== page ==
What is evidence-based practice?
Evidence-based practice (EBP) aims to maximize the effectiveness of psychological interventions through adherence to principles informed by empirical findings, clinical expertise, and client characteristics. The Canadian Psychological Association (CPA) Task Force on Evidence-Based Practice of Psychological Treatments (2012) defined EBP as follows:
Evidence-based practice involves the conscientious, explicit and judicious use of the best available research evidence to inform each stage of clinical decision-making and service delivery. This requires that psychologists apply their knowledge of the best available research in the context of specific client characteristics, cultural backgrounds, and treatment preferences.
- CPA Task Force on Evidence-Based Practice, 2012 (click here to download full report)
More specifically, evidence-based practice entails:
- Efforts to provide the best possible services (which minimize the risk of harm and maximize the chance of benefit) for those seeking psychological treatment;
- A reliance on peer-reviewed, scientific research evidence as the basis for treatment selection, with preferential attention given to studies based on research methodologies that control threats to both the internal and the external validity of the research findings;
- Respect for the dignity, lived experiences, and preferences of individuals seeking psychological treatment, as manifested by consistent communication and collaboration between the clinician and the service user;
- The monitoring and evaluation of services provided to clients and patients. Practitioners should regularly and systematically monitor clients’ reactions as well as changes in their symptoms and functioning throughout treatment. This can be done through progress tracking and outcome monitoring.
- A willingness on the behalf of practitioners to alter the treatment plan based on ongoing treatment monitoring, discussions with the client or patient, and a reconsideration of the relevant research evidence.
In the context of evidence based practice, the best available research evidence is drawn from treatment outcome, treatment process, and standard psychological research.
Evidence based practice relies on various sources and levels of evidence, the strength and relevance of which should be considered according to the hierarchy depicted below:
The best available evidence is highest on the hierarchy and includes findings that are replicated across studies and that used methodologies that are robust (i.e. that control threats to internal and external validity. Evidence stemming solely from unpublished professional opinion or prior clinical experience falls lower on the hierarchy, and should only be considered in the absence of relevant treatment research or formal practice guidelines.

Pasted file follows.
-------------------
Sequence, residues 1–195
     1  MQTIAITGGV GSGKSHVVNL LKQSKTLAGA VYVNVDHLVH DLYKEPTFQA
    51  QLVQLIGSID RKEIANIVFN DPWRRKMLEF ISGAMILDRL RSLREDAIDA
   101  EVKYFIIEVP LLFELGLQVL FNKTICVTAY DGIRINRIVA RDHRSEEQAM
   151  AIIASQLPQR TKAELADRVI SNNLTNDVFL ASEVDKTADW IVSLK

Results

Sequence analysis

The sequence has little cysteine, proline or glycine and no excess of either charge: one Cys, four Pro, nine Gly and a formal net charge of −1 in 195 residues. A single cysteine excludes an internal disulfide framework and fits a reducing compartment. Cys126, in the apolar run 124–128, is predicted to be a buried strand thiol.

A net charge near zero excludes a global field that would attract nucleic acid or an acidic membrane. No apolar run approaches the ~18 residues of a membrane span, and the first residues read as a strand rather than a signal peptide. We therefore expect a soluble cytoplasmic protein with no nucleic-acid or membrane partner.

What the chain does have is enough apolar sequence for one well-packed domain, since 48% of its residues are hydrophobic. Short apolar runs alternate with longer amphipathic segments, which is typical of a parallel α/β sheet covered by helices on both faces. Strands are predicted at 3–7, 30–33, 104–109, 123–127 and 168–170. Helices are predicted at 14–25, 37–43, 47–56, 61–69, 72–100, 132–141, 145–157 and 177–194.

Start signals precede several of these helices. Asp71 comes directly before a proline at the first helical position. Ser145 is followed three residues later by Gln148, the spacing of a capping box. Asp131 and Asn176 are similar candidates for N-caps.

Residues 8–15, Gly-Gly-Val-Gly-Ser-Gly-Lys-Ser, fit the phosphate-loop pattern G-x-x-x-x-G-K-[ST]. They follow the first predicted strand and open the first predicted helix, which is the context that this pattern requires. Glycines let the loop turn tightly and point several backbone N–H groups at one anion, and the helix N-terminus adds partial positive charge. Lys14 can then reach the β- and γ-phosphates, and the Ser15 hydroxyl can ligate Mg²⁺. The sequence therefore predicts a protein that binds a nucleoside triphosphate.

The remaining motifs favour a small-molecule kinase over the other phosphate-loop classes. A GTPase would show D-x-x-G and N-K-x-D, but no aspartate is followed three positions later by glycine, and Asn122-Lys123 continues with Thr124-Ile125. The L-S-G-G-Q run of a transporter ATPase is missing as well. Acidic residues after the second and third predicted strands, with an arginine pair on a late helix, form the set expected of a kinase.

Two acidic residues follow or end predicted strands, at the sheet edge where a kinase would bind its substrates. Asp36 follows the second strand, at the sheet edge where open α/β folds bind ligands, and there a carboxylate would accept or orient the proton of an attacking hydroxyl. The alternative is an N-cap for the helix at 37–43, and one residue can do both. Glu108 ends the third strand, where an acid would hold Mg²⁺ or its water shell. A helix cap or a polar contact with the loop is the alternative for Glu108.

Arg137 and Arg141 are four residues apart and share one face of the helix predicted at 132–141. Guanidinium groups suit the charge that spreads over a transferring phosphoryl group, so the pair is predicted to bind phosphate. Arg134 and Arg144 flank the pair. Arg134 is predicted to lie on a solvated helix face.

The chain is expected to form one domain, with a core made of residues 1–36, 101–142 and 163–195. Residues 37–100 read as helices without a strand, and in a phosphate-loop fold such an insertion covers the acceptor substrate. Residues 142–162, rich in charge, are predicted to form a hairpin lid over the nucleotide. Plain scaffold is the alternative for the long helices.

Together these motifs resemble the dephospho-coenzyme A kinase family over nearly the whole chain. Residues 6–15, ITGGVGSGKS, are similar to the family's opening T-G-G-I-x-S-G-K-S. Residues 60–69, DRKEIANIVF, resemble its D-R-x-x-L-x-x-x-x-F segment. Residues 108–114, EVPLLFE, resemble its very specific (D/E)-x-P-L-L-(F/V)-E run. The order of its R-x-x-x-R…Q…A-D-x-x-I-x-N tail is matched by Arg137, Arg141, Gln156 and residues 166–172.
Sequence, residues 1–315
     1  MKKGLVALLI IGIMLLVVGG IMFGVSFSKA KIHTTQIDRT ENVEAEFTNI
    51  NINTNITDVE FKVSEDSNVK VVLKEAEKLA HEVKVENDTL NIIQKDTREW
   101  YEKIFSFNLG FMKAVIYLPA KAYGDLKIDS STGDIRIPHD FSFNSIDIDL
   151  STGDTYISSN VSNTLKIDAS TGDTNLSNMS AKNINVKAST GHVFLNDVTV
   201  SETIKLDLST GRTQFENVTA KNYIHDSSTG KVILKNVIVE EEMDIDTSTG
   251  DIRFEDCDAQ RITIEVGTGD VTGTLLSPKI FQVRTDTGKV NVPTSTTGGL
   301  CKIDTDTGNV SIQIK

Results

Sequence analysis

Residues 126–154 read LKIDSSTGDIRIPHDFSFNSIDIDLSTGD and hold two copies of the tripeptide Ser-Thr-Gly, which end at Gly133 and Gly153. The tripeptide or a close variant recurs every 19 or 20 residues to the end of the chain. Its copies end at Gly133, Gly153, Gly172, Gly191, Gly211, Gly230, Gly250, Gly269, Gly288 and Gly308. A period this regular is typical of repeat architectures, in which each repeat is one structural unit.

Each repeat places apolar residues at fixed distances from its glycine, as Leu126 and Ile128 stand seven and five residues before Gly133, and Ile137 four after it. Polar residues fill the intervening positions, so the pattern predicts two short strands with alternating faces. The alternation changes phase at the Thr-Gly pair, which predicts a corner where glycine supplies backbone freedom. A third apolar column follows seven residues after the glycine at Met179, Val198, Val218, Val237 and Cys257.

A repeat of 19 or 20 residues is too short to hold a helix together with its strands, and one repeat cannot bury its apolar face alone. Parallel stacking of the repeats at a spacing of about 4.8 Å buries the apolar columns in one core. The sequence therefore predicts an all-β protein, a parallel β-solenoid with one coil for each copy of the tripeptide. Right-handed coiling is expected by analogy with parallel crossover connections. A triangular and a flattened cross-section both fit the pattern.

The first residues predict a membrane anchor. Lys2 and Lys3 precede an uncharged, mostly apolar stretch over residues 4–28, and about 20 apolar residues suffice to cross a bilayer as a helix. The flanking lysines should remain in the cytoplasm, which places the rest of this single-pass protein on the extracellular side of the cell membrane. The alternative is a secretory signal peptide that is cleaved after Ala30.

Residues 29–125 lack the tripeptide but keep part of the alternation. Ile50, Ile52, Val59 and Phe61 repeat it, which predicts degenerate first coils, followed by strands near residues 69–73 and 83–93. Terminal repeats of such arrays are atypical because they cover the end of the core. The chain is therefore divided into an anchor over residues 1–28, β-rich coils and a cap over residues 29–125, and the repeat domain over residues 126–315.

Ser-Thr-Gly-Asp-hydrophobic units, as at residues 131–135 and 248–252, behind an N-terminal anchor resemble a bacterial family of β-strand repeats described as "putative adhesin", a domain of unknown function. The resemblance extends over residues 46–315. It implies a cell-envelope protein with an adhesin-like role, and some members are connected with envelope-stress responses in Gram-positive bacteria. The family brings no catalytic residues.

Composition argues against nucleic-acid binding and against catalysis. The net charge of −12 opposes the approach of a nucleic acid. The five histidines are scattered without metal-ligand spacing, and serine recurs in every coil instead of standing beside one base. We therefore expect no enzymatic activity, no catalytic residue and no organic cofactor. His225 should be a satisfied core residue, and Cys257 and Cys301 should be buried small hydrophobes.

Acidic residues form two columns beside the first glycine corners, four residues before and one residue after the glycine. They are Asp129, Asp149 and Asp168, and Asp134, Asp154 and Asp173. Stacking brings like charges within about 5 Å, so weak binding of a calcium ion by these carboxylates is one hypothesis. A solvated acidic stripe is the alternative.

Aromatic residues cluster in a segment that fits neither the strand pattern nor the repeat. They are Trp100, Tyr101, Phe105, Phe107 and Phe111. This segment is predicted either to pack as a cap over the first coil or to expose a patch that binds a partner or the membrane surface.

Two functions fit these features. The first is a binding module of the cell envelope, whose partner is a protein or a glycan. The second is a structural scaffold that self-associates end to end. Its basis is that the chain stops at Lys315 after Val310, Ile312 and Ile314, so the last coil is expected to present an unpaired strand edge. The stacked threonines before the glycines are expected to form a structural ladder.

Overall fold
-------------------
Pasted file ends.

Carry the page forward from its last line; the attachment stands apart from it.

What is evidence based practice and what is it not?
EBP is not the same as ESTs (empirically supported treatments):
- ESTs refer to specific psychological treatments that have been proven to be effective in controlled research for specific conditions. Whereas ESTs focus on specific therapeutic modalities and their use to treat specific problems or disorders, EBP is a broader approach to clinical decision-making which emphasizes the scientific evaluation of evidence along with patient or client preferences and characteristics. In other words, ESTs merely constitute a potential component of EBP.
EBP is not a “cookbook” approach to clinical practice:
- Clinicians using EBP do not simply “follow a recipe” – rather, they adopt an approach that integrates the best available scientific evidence with their clinical judgment and expertise to provide psychological treatment that is tailored to each client’s unique needs.
EBP does not involve equating a treatment with a diagnosis:
- EBP is not a “one-size-fits-all” approach to treatment. While a diagnosis may point a practitioner in the direction of a specific therapeutic intervention, most scientifically-informed interventions merely act as rough blueprints, affording practitioners significant leeway in terms of when and how to deliver treatment.
EBP does not rely solely on common factors in therapy:
Common factors theory proposes that different psychotherapeutic approaches in psychotherapy share common factors that account for a portion of the efficacy of a given treatment. EBP incorporates all evidence relevant to treatment outcomes, including common factors in psychotherapy, while bearing in mind specific client characteristics, cultural backgrounds, and individual treatment preferences.